Diplomacy; elimination merely means you need to look for the next game...
Anonymous
February 15, 2005 6:29:40 AM

Archived from groups: rec.games.diplomacy (More info?)

In article <cqcQd.15$nn.10@fe12.lga>,
David E. Cohen <zendip18AToptonlineDOTnet> wrote:
>People like that abandon whether there is a scoring system or not.

>Why not quit? Because you may win, or you may learn something, or you may
>get revenge, or...

I have never abandoned a game, but speaking only for myself as
a player, I would find a scoring system that gave no credit to
any outcome but a solo a strong incentive to abandon. Or
ignore the scoring system and just play the way I do anyway
(trying to get into the smallest possible draw) but presumably
that's not what you want either.

I also think it would make gaining new players for the hobby
really hard, because (a) a solo is so unlikely as a beginner,
and more importantly (b) if you hope to gain rank from a game
you can't have any beginners in it (if you have rank yourself).
So beginners would become unwelcome because their presence
makes the game not count for ranking. Is this what you want?

But why take our word for it? Propose it to a Dip community
somewhere (on or off line) and let us know how it works out!

Mary Kuhner mkkuhner@eskimo.com
Anonymous
February 15, 2005 7:44:49 AM

Archived from groups: rec.games.diplomacy (More info?)

In article <O9eQd.345$1P.83@fe61.usenetserver.com>,
Frank Bell <frank999@fastmail.co.uk> wrote:
>> So, if at some point in a game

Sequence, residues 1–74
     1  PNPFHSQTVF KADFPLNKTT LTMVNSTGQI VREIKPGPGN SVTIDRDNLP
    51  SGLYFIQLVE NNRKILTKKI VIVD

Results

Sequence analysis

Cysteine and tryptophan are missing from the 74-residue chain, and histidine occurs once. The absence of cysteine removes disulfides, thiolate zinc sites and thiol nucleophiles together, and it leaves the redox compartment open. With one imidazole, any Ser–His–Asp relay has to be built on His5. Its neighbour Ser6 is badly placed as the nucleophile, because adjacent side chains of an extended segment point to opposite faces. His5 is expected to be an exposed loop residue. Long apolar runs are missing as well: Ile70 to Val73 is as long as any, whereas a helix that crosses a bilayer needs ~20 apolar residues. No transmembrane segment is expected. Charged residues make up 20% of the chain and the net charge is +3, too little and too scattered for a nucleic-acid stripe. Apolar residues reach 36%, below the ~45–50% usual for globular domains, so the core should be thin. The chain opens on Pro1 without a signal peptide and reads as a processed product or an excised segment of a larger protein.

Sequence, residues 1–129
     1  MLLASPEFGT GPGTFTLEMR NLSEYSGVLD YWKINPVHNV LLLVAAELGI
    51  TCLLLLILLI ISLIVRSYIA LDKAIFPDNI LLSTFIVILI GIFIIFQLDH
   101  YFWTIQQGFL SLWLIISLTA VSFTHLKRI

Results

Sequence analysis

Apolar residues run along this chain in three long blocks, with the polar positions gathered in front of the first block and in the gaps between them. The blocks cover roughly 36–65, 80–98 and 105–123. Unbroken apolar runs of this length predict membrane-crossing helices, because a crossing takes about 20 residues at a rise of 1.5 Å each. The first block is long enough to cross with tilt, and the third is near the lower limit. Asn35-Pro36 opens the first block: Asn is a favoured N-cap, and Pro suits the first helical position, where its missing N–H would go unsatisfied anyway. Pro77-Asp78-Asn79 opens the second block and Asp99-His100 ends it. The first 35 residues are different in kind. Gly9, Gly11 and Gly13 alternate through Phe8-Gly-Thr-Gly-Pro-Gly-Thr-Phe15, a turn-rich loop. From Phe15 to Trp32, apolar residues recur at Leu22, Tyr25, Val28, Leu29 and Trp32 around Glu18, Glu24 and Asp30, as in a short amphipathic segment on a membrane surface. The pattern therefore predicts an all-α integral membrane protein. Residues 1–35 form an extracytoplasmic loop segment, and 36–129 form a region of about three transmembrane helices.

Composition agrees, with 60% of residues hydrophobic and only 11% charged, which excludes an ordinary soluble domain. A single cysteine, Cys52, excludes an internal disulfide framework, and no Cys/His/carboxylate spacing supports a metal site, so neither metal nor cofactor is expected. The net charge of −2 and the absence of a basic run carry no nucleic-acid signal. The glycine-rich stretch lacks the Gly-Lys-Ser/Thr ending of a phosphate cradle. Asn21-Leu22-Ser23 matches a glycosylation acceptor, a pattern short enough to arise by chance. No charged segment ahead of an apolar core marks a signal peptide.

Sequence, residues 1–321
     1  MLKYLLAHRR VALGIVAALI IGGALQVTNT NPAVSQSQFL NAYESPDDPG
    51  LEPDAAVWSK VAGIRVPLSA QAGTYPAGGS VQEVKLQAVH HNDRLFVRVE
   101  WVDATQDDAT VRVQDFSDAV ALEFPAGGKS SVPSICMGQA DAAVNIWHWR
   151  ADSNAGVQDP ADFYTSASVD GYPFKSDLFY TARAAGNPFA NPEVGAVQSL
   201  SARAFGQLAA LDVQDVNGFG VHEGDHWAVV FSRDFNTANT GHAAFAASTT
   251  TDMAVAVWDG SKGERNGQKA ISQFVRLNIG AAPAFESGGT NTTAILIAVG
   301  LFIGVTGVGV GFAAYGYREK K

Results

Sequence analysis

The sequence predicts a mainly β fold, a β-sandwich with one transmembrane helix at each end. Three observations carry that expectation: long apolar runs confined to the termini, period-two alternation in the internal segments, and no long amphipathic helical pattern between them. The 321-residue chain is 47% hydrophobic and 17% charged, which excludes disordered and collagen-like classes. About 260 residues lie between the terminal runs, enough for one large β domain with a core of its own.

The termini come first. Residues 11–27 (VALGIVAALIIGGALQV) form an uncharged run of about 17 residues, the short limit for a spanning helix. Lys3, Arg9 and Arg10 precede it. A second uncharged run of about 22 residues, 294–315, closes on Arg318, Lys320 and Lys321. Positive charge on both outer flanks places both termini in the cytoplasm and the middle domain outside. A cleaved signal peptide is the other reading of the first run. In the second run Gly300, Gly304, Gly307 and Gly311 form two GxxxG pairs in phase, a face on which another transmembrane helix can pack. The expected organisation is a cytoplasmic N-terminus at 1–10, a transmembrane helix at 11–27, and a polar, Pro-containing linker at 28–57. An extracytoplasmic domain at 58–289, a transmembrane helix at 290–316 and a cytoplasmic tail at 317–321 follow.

>> a Power simply sees no way to win, then the game
>> designer would expect that Power to be rational and attempt
>> to survive.

>I wonder... I've seen "hopeless" powers deliberately support another
>power's solo attempt, if nothing else for revenge upon former allies who
>stabbed them, or failed to come to their aid when they still had a chance.
>The problem is that irrational behavior is not necessarily punished in
>Diplomacy; elimination merely means you need to look for the next game...

The behavior may even be considered rational if you expect
to be playing with the same people repeatedly; having a rep for
being a vindictive minor power may deter attacks on you. (Or
it may mean that the attacks are always to the death! I know
one player who refuses to participate in stop-the-leader
alliances if he has ever once been stabbed, and I make sure that if
I stab him, I *kill* him.)

It's not really possible to pin down the "winning conditions" of
Diplomacy, though a lot of effort has been expended in trying.
In my view, one of the nuances of being a good player is being
able to discern your opponents' victory conditions and play to
them.

At WacCon I played England in round 4 and found France in the
Channel in S01. I took him aside and said, "You know that I'm
a good defensive player and very stubborn; I've crawled back
from two lost positions already this tournament. You can
kill me, but it will be long and gruelling. Support me into
Belgium and we'll romp on Germany, who won't be expecting it--
we can play fast, exciting, dynamic Dip instead of attrition
war." I knew the player would go for this, and he did.

A couple of years later the puppet Germany stabbed us, spoiling